As I stated in a previous post, when reviewing books I am not interested in giving them a score. You can get that at Amazon or on half a dozen other blogs. A score is an abstract methodology that really doesn’t work for me, because it feels too limiting. I prefer to talk about what I like and don’t like about the title, and let my readers decide whether or not they agree with me.
I have a “laundry list” of things I’m looking for when I read a book. For the basis of my review, what I do is ask a series of questions that have been grouped together in a common heading, and then I answer those questions based on my perceptions. The review evolves out of this process. The list looks a little something like the following:
Pacing & Structure
Does the story move along quickly or bog down in details? Are details lost because the story moves too fast? Are the chapters too long or too short? Are there multiple viewpoints, and how does the book handle transitions between them?
Do you feel empathy for the characters and care what happens to them? How do the main characters change throughout the story? Do all the characters have the same voice? Do they show a variety of emotions? Are the characters underdogs or overly-powerful? What are the characters’ motivations? Do their motivations justify their actions?
Do you have a good idea of what places look like? Does there seem to be a detailed history or backstory? How is the history/backstory presented? How much detail is in the surroundings…terrain, weather, auditory? How does magic work? Is there a religious pantheon? How is travel handled? Do you have a good feel for how time passes?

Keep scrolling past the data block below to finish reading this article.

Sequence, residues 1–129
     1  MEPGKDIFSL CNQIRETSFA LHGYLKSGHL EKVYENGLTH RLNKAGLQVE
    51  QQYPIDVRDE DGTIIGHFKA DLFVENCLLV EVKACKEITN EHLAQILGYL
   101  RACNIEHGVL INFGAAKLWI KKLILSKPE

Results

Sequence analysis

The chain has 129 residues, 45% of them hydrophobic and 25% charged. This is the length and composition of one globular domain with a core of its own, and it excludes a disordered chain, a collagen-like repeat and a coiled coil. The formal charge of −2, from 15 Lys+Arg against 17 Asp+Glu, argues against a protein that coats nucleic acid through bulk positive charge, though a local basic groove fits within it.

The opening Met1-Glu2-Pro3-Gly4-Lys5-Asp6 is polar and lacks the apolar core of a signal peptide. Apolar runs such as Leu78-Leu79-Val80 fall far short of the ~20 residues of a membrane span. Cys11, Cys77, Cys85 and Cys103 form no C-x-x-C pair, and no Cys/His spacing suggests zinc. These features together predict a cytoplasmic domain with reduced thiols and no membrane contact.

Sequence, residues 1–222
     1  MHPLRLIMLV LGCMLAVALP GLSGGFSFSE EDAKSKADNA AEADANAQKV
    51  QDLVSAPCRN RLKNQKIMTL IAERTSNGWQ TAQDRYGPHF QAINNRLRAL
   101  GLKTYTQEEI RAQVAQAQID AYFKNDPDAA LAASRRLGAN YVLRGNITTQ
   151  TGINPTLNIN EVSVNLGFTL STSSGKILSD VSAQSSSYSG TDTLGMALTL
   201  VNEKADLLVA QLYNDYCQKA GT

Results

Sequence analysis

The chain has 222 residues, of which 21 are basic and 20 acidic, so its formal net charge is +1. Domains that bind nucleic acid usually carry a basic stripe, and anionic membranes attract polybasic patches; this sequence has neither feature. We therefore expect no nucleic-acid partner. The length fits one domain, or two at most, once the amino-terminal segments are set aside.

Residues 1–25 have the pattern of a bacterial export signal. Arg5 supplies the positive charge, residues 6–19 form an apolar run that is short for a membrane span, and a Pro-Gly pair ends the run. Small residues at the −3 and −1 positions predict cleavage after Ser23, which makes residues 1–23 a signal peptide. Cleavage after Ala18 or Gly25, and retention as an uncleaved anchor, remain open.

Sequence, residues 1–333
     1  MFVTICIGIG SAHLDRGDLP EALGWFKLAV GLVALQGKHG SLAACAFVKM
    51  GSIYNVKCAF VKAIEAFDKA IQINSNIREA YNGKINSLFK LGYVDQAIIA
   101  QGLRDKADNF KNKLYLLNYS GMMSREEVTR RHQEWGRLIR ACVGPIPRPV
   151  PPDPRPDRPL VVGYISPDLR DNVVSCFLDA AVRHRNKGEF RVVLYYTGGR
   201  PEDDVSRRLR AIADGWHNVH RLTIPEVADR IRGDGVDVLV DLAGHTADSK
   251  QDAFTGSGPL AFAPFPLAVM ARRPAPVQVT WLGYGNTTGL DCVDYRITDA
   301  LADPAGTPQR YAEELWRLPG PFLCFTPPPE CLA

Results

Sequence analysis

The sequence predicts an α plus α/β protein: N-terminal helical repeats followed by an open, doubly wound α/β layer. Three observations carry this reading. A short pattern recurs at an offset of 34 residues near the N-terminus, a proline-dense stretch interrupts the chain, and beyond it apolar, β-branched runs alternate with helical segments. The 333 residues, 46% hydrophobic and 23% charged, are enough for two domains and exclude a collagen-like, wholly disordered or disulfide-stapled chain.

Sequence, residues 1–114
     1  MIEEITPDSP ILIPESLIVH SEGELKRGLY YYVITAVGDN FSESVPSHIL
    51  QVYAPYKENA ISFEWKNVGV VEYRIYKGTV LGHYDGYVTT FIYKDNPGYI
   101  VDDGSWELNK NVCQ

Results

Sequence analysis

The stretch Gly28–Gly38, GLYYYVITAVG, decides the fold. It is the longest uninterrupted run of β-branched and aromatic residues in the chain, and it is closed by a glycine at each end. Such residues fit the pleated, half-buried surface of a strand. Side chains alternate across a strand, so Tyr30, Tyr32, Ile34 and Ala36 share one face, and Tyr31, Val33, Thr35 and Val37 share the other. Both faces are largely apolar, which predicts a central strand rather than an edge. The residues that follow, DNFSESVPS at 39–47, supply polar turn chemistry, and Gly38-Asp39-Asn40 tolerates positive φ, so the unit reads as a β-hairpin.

Is the threat to the characters credible, and their response believable? What is the motivation of the opposition? How did the opposition become so powerful? Why is the opposition suddenly presenting itself to the characters now?
Plot and Overall Impressions
Is it too alien or metaphysical? Is Deus Ex Machina used for the characters to overcome the opposition? Are there twists and turns I didn’t see coming, or was it too predictable? Is the plot too complex, or perhaps too simple? Was the ending satisfying or was it anti-climatic? Would I read the book again, and when? Was the author’s prose appealing or jarring? Did the author take risks by introducing new, fresh ideas, or did they play it safe with a bucketful of tropes and cliches?
I hope that gives you a feel for how I approach a review.